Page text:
Where Does Community Grow?

Rebekah Levine Coley, Frances E. Kuo & William C. Sullivan

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Coley, R. L. , Kuo, F. E. & Sullivan, W. C. (1). Where Does Community Grow?. Environment and Behavior, 29(4), 468–494. http://dx.doi.org/10.1177/001391659702900402

Defensible Spaces , Landscaping , Public Housing , Semi-private Spaces , Trees

This study examines how the availability of nature influences the use of outdoor public spaces in two Chicago public housing developments. Ninety-six observations were collected of the presence and location of trees and the presence and location of youth and adults in semiprivate spaces at one high-rise and one low-rise public housing development. Results consistently indicated that natural landscaping encourages greater use of outdoor areas by residents. Spaces with trees attracted larger groups of people, as well as more mixed groups of youth and adults, than did spaces devoid of nature. In addition, more dense groupings of trees and trees that are located close to public housing buildings attracted larger groups of people. These findings suggest that natural elements such as trees promote increased opportunities for social interactions, monitoring of outdoor areas, and supervision of children in impoverished urban neighborhoods.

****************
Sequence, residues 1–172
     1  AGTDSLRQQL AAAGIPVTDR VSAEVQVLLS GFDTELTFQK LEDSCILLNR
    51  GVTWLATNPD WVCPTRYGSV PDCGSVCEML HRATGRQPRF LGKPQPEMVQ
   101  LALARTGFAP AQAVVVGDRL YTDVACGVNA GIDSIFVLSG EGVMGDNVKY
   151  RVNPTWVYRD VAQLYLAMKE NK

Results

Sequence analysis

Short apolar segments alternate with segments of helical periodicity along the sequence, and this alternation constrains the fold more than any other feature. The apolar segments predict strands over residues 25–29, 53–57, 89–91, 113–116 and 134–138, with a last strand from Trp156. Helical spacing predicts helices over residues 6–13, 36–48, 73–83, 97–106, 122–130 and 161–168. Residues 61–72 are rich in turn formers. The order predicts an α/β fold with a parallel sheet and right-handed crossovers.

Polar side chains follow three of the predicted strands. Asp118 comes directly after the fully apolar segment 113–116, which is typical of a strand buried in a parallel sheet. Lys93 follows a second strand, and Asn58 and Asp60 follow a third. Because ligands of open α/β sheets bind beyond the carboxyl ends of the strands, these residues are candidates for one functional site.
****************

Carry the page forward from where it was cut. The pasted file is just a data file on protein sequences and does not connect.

Main finding
This study explores the relationship between the presence (or absence) of trees in public housing courtyards and the use of those courtyards by young people. While the most optimal number of trees for any particular courtyard varies, those with trees were used more than those without.

Description of method used in the article
Observational data (96 observations) collected on the (a) presence of trees; and (b) presence, characteristics, and behavior of residents at two public housing developments in Chicago, Illinois. Data was collected in June 1994 by trained observers who had lived in public housing for at least 19 years. Public housing developments include: (a) Robert Taylor Homes (28, 16-floor high-rise buildings), and (b) Ida B. Wells development (70 low-rise rowhouses). Researchers conducted “observational walk-bys” at different times of day to record the presence of people and trees in various outdoor spaces at the developments.

Of some practical use if combined with other research

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